Are we capable of living without religion?
Religion has been an everyday reality for thousands of years. Only in the last couple of hundred, and certainly more outspokenly in the last 50, has the idea of divine "disinspiration" been seriously considered. The question is deceptively simple: are we capable of living without religion? But it's an incredibly loaded question as well. It questions our entire history. It questions billions of people's faith. Most importantly, it questions our humanity. Because while it may seem to undermine people's beliefs in divine, external power, it also uplifts the seldom credited human, internal power. The faithful often point to the charity, kindness, forgiveness, and brotherhood found in the books and history of their religion. But are those universally good things really the product of religion, or are they simply strengths that can be found universally in all men and women? I invite you all into discussion of this fascinating topic. I ask you to speak your mind without flaming others or their beliefs.
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In his final years, Martin Luther King, Jr. become increasingly focused on the problem of poverty in America.
- Despite being widely known for his leadership role in the American civil rights movement, Martin Luther King, Jr. also played a central role in organizing the Poor People's Campaign of 1968.
- The campaign was one of the first to demand a guaranteed income for all poor families in America.
- Today, the idea of a universal basic income is increasingly popular, and King's arguments in support of the policy still make a good case some 50 years later.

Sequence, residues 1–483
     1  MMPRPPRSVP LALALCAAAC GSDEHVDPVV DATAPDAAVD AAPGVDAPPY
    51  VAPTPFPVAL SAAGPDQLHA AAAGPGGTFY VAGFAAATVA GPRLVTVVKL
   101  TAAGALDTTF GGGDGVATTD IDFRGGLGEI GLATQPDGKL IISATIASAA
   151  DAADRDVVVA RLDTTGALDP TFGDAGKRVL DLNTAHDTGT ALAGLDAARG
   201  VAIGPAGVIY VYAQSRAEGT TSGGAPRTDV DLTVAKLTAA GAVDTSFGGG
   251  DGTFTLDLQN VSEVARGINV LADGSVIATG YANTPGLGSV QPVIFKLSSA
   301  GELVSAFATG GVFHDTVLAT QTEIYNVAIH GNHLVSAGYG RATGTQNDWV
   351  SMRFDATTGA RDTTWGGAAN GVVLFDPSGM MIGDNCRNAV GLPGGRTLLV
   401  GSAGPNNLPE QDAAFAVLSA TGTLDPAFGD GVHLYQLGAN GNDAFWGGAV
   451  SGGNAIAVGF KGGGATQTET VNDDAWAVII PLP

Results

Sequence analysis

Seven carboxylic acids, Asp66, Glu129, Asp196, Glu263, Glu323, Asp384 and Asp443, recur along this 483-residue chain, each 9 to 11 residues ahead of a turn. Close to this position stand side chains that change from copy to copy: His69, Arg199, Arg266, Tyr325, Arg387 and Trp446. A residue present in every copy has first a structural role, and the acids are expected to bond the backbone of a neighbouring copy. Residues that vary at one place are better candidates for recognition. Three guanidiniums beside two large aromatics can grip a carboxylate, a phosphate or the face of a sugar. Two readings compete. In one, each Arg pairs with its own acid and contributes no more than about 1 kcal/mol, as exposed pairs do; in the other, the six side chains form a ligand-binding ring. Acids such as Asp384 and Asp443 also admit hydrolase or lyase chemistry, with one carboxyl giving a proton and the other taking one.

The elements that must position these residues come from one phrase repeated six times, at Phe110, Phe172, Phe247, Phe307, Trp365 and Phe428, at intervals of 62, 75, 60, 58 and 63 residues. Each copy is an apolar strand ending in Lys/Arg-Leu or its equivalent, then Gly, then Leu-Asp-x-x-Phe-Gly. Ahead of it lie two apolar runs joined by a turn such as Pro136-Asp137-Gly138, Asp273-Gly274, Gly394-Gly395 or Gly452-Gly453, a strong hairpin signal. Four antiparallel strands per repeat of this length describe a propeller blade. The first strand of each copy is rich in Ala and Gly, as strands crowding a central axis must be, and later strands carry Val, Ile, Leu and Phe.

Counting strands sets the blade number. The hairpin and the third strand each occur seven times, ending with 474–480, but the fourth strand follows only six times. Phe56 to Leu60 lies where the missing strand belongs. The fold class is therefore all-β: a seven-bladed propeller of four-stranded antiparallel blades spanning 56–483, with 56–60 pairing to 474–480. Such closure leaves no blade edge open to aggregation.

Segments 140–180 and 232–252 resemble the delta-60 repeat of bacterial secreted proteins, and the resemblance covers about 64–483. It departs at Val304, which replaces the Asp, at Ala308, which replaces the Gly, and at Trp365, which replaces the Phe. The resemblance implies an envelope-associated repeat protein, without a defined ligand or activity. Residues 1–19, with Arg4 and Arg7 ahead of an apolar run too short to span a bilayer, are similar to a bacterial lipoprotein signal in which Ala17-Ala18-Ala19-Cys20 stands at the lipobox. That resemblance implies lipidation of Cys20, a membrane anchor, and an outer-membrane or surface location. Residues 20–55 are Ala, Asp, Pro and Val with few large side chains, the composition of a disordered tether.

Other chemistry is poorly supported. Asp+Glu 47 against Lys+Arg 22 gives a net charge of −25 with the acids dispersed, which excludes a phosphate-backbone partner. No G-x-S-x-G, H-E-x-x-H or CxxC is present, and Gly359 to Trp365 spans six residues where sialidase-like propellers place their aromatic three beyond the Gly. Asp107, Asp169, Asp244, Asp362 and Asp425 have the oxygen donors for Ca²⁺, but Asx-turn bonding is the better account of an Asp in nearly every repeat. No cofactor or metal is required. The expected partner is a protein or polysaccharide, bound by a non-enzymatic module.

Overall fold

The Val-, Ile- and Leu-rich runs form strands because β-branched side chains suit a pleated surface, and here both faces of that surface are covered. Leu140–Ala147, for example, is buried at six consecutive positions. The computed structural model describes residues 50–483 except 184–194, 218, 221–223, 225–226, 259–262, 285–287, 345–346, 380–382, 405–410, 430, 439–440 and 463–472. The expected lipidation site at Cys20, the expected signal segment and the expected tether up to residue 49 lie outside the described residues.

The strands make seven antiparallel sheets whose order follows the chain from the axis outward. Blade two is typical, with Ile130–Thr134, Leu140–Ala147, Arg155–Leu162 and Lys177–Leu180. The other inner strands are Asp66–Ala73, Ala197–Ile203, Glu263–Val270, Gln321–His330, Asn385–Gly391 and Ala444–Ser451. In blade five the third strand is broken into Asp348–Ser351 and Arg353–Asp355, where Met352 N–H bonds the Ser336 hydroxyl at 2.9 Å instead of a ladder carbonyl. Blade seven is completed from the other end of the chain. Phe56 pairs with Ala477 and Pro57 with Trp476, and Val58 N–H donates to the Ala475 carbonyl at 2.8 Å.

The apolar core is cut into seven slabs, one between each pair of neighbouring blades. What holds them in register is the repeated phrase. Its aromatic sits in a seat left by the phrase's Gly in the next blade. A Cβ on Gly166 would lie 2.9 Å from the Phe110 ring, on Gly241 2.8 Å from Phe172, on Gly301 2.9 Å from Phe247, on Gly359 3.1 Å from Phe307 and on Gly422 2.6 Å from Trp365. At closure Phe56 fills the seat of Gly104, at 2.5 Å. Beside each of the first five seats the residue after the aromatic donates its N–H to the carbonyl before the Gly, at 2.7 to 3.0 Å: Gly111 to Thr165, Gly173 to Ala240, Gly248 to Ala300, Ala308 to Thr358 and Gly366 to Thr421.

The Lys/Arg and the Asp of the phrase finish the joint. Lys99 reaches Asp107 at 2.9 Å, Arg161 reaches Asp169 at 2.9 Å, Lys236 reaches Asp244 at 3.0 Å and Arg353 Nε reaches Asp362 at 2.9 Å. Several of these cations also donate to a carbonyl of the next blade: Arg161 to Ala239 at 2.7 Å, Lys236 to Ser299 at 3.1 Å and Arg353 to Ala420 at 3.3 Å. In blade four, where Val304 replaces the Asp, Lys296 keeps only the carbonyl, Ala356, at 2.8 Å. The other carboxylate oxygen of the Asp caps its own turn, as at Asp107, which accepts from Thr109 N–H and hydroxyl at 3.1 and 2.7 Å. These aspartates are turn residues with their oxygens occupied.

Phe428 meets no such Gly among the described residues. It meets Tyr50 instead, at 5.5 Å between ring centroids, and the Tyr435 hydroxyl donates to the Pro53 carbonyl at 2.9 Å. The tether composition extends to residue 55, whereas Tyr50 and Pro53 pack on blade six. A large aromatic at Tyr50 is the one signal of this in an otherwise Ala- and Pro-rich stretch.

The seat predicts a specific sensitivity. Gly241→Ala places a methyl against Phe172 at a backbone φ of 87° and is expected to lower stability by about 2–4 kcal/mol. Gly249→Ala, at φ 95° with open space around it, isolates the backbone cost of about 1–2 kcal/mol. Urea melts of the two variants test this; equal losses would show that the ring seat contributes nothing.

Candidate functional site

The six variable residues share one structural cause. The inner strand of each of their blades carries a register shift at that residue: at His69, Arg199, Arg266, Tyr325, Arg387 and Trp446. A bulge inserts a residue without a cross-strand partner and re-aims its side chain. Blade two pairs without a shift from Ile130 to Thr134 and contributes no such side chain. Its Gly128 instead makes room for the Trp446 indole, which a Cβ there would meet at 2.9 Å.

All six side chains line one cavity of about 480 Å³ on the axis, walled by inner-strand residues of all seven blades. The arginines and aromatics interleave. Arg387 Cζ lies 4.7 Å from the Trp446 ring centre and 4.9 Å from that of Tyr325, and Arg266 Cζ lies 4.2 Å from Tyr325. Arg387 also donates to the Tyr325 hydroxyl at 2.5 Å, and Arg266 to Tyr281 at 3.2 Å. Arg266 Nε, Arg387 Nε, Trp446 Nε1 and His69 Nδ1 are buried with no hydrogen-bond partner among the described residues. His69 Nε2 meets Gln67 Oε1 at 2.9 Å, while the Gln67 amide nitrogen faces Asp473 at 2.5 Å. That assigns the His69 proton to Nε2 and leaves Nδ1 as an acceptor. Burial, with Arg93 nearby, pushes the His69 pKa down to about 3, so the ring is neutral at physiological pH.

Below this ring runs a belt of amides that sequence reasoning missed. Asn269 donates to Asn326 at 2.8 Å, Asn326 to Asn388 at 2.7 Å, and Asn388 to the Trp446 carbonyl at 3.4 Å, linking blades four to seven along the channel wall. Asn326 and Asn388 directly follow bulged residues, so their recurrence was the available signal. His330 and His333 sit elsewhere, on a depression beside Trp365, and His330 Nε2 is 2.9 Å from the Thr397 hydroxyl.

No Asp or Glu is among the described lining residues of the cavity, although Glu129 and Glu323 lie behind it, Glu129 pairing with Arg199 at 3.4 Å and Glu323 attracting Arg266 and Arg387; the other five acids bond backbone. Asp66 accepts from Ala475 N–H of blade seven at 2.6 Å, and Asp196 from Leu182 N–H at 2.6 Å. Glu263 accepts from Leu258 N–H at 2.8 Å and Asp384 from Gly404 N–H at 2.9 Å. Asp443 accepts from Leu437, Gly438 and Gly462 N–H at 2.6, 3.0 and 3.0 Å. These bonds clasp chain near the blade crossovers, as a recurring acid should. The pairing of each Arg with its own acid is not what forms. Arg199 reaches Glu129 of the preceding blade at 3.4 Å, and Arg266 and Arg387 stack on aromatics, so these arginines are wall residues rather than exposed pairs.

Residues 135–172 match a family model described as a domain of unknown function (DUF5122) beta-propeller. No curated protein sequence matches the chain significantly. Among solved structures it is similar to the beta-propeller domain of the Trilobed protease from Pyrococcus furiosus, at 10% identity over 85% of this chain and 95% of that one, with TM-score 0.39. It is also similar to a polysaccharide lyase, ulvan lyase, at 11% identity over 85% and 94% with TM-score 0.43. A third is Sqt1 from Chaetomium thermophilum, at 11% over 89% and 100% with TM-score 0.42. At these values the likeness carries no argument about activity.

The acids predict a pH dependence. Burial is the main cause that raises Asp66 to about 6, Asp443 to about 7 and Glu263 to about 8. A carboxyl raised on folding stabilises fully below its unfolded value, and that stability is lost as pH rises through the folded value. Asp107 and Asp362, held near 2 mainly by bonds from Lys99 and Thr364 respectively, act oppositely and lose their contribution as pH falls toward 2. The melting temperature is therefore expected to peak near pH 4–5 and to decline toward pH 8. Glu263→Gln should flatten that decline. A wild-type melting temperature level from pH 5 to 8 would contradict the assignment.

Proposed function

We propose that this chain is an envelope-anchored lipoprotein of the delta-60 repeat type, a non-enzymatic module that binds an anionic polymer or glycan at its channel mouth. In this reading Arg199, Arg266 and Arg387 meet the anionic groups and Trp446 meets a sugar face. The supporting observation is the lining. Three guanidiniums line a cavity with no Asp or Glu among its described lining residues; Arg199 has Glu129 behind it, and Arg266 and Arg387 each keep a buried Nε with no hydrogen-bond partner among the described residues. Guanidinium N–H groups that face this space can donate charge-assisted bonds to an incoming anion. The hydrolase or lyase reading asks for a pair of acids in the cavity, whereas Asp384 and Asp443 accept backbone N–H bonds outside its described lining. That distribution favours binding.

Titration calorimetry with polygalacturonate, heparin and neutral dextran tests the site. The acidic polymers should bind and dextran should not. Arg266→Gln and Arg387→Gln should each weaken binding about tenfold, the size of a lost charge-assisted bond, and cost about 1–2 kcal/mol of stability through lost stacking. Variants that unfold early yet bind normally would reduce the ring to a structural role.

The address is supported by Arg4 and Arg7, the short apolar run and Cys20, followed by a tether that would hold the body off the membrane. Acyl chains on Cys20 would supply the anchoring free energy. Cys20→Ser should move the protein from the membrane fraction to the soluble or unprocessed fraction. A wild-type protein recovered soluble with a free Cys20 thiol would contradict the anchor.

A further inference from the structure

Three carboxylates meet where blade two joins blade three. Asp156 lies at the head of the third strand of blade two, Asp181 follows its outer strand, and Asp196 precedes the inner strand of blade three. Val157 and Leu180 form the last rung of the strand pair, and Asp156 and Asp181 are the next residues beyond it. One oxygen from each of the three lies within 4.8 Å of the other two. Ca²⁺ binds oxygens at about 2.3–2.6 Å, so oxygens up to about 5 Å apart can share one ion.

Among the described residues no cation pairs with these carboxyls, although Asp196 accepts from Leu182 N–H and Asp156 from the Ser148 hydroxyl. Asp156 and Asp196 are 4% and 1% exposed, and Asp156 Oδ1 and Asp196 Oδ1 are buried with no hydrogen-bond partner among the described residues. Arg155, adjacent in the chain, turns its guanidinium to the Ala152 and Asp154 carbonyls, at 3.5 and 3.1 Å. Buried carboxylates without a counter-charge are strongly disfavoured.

A completely unexpected discovery beneath the ice.
- Scientists find remains of a tardigrade and crustaceans in a deep, frozen Antarctic lake.
- The creatures' origin is unknown, and further study is ongoing.
- Biology speaks up about Antarctica's history.
For Damien Echols, tattoos are part of his existential armor.
- In prison Damien Echols was known by his number SK931, not his name, and had his hair sheared off. Stripped of his identity, the only thing he had left was his skin.
- This is why he began tattooing things that are meaningful to him — to carry a "suit of armor" made up the images of the people and objects that have significance to him, from his friends to talismans.
- Echols believes that all places are imbued with divinity: "If you interact with New York City as if there's an intelligence behind... then it will behave towards you the same way."
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